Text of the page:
How does spinal cord injury (SCI) affect marital status?

Updated: Nov 01, 2018
  • Author: Lawrence S Chin, MD, FACS; Chief Editor: Brian H Kopell, MD  more...
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Answer

Marital, educational, and employment status of patients with spinal cord injuries are discussed below.

Marital status

Single persons sustain spinal cord injuries more commonly than do married persons. Research has indicated that among persons with spinal cord injuries whose injury is approximately 15 years old, one third will remain single 20 years postinjury. The marriage rate after SCI is annually about 59% below that of persons in the general population of comparable gender, age, and marital status.

Marriage is more likely if the patient is a college graduate, previously divorced, paraplegic (not tetraplegic), ambulatory, living in a private residence, and independent in the performance of activities of daily living (ADL).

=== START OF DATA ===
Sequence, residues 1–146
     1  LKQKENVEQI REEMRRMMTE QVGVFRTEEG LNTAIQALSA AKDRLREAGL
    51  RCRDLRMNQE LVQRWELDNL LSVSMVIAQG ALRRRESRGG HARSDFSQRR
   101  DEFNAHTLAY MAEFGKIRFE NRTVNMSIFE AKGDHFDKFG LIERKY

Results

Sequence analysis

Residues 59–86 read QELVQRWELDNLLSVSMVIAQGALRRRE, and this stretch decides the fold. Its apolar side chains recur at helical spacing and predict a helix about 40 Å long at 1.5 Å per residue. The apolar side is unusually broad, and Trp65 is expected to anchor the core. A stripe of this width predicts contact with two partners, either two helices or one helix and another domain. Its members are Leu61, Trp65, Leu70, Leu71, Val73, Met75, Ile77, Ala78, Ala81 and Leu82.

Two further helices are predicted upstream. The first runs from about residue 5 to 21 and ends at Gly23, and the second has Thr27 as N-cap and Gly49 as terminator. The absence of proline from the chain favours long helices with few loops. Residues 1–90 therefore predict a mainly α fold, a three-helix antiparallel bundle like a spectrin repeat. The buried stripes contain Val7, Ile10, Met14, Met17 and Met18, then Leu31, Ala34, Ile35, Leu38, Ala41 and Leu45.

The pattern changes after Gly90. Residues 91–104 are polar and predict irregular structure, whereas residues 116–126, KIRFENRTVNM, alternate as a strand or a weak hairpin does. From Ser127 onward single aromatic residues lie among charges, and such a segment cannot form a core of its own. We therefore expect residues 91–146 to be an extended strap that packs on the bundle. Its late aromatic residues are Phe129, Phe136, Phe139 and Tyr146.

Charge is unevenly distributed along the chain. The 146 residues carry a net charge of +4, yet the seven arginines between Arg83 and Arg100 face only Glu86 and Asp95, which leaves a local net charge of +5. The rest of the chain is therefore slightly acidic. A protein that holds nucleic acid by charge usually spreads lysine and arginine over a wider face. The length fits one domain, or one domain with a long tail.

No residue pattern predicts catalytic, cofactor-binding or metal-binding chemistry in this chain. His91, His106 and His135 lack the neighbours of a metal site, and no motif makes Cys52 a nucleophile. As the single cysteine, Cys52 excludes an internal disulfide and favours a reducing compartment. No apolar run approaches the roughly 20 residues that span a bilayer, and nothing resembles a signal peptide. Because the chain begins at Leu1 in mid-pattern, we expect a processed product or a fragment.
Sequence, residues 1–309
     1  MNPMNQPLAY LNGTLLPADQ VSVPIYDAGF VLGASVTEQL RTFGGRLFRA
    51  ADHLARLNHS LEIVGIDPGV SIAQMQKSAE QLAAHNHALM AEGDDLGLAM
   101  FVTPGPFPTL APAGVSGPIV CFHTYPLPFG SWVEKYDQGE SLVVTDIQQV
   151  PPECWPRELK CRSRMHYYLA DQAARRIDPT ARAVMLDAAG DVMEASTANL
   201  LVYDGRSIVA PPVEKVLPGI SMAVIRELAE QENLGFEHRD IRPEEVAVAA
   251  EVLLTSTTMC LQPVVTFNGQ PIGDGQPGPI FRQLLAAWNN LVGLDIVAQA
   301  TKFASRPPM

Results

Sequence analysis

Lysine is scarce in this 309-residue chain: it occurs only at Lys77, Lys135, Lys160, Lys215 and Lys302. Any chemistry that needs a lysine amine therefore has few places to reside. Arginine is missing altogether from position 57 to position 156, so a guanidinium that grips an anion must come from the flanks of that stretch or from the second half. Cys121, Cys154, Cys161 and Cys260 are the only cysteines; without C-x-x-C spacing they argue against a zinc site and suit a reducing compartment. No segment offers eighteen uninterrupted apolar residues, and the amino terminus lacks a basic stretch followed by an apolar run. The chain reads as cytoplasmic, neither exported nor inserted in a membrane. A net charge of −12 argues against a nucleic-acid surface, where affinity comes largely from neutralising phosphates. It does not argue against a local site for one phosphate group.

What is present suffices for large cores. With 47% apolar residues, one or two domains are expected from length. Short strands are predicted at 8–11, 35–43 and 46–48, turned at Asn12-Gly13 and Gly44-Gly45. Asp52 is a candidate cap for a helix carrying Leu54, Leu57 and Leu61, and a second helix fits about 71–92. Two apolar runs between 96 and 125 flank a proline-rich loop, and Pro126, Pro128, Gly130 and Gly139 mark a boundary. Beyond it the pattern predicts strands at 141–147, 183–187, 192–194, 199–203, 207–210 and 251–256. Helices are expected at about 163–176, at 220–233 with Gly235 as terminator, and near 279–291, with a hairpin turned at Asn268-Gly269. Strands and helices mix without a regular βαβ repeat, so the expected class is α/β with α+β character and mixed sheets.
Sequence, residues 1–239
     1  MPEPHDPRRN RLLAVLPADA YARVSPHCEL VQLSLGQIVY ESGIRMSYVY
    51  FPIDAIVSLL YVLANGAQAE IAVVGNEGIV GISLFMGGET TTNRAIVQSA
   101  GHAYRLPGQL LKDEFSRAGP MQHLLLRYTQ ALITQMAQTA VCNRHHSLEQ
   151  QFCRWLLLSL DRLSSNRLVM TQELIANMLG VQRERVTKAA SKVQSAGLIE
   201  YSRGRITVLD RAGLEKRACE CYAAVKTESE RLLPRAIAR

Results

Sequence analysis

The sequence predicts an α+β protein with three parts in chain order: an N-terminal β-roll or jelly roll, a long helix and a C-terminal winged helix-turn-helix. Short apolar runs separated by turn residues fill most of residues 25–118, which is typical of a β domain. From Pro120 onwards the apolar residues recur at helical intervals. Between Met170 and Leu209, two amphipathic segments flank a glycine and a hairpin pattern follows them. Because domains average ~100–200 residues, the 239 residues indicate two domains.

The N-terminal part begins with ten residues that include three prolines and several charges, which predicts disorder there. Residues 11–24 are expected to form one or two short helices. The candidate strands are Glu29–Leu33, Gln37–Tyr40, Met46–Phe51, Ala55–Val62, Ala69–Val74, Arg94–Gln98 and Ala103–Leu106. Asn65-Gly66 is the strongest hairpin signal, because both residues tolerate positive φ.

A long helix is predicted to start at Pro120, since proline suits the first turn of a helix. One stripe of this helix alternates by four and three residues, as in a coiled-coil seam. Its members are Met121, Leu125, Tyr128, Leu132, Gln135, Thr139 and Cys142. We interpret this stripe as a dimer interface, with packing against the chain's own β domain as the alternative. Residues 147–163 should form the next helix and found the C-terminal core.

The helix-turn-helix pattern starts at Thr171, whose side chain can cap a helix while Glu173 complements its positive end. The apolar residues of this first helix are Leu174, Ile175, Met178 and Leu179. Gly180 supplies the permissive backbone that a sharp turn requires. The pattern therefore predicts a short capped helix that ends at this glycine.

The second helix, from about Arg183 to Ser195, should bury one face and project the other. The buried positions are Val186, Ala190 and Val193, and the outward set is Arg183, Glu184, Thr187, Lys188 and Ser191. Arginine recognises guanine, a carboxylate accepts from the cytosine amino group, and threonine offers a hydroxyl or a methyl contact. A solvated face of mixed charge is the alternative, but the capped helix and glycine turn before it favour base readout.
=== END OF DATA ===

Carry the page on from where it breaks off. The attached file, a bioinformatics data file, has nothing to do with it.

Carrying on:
The divorce rate annually among individuals with spinal cord injury within the first 3 years following injury is approximately 2.5 times that of the general population, whereas the rate of marriages contracted after the injury is about 1.7 times that of the general population.

The divorce rate in those who were married at the time of their injury is higher if the patient is younger, female, black, without children, nonambulatory, and previously divorced. The divorce rate among those who were married after the spinal cord injury is higher if the individual is male, has less than a college education, has a thoracic level injury, and was previously divorced.


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